Growing up in Pilsen, he knew pockets of Chicago celebrated Mexican culture, but seeing the downtown fiesta felt like a level of recognition he had never known before.

“There was always Cinco de Mayo, but seeing something like this in Daley Plaza,” he said, trailing off. “As opposed to 20 years ago, it just feels happier.”

Members of Toui Ballet Folklorico from the Richard Edwards Elementary School pose with La Muñeca Lele during a celebration of Mexico Week at Daley Plaza in the Loop, Tuesday, May 9, 2023.

Members of Toui Ballet Folklorico from the Richard Edwards Elementary School pose with La Muñeca Lele during a celebration of Mexico Week at Daley Plaza in the Loop yesterday.

Pat Nabong/Sun-Times

The event was part of the Mexico Week festivities organized by the Mexican consulate in Chicago to promote unique Mexican traditions and celebrate ties between the city and the U.S.’s southern neighbor.

The city has long been a haven for Mexican immigrants and today, more than 200,000 residents of Chicago were born in Mexico, according to an analysis of 2020 census data by demographer Rob Paral, far more than any other country.

The downtown event included performances by the Ballet Folklorico from a Southwest Side school, solo mariachi singing from a recent CPS graduate and a troupe specializing in Aztec dances. Representatives from the Mexican consulate and CPS CEO Pedro Martinez, who was born in Mexico, also spoke to the dozens gathered to watch the performances and to see the enormous doll — Lele, a globetrotting mascot for the Mexican state of Queretaro — brought by the consulate.

“We want to celebrate the many cultures that our children have across our district,” Martinez said. “It’s what makes Chicago so special.”

More on Lele and upcoming “Mexico Week” celebrations from our Michael Loria.


From the press box 🏒⚾️🏈🏀


Your daily question☕

What’s something that’s definitely on your Chicago to-do list this summer?

Email us (please include your first and last name) and we might include your answer in the next Afternoon Edition.

Yesterday, we asked you: What’s something every neighborhood in Chicago should have?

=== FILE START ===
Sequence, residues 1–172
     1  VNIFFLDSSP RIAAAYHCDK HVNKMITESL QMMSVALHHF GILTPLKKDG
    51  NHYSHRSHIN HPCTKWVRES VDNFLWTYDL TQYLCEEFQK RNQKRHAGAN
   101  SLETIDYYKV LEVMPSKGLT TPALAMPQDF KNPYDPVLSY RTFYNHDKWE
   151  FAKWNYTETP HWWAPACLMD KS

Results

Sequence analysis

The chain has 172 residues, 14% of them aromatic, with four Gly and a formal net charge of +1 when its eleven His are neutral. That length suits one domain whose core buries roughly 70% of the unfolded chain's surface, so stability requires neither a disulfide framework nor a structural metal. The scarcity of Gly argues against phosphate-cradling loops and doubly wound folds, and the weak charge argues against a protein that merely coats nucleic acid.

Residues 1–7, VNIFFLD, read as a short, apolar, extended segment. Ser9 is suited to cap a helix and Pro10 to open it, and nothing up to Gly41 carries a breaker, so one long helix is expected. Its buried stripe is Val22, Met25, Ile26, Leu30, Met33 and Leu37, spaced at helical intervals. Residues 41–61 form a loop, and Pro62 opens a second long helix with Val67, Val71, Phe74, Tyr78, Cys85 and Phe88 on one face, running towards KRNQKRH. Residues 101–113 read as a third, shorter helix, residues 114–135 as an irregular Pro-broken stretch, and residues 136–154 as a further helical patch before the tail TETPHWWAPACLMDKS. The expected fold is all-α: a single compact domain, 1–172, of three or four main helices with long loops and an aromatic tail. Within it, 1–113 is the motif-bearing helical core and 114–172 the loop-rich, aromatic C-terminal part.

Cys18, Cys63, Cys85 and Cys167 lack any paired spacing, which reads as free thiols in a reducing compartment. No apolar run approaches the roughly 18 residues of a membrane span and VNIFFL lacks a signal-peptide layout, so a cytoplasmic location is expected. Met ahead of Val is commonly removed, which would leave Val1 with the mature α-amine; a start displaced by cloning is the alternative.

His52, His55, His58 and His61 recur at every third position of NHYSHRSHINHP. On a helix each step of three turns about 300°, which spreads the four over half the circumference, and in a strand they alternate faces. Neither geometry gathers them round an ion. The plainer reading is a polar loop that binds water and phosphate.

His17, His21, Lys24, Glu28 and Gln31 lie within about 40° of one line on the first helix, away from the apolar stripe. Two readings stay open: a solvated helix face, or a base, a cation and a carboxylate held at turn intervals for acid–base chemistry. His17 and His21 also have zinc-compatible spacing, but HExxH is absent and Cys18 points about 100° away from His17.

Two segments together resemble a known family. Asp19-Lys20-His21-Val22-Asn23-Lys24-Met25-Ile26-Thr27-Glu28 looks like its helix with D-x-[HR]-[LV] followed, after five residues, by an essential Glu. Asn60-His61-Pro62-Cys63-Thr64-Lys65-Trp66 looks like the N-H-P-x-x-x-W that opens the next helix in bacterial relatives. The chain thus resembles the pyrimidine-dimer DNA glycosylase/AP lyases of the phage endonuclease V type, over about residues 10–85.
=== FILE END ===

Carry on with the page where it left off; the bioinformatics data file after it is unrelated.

Here’s some of what you said...

“A fine arts center.” — Bill Figel

“A corner bar, a diner, and an Italian beef joint.” — Jan Smid

“Access to clean water, food, decent schools, a safe place for kids to play.” — Missy Biggerstaff

“Ice cream and a good park.” — Tom G. Wojcik

“A dog park, a little free Library, a splash pad, a lending shed filled with tools and paint and stuff to borrow. And more love.” — Adrienne Varvil

“A tavern, a mom-and-pop grocery/deli, a savings and loan and an Italian beef joint.” — Greg Berezewski

“Good schools.” — Samantha Schneider

“Local-owned shops and restaurants. A good park, some kind of charity that helps people when they are having a hard time, access to good medical care and politicians who care about people.” — Tom Krajecki

“Easily walkable access to good public transit.” — Percy Hatcherson

“Street lights that actually work.” — Michael P. Murphy

“Economy that employs the community that it’s in. Clean, healthy food that’s not near its expiration date. City services that our tax dollars are paying for. Schools that actually teach useful information that we’ll actually use in our lives.” — Kobi Michael Jones

“Community garden. Health clinic. Neighborhood schools fully resourced. Affordable housing. Mental health services. Grocery stores with fresh produce.” — Pamela Cytrynbaum

“A place where kids and teens to go and have fun.” — April Smith

“Clean air.” — Samantha Schneider

“A swimming pool, a library, a bakery, a cafe, a bike repair and sales shop, a walking/ running/ bike trail, an exercise gym, a park with trees, lots of trees and flowers on the streets, a skateboard park, basketball hoops, a book/music store.” — Susan Basko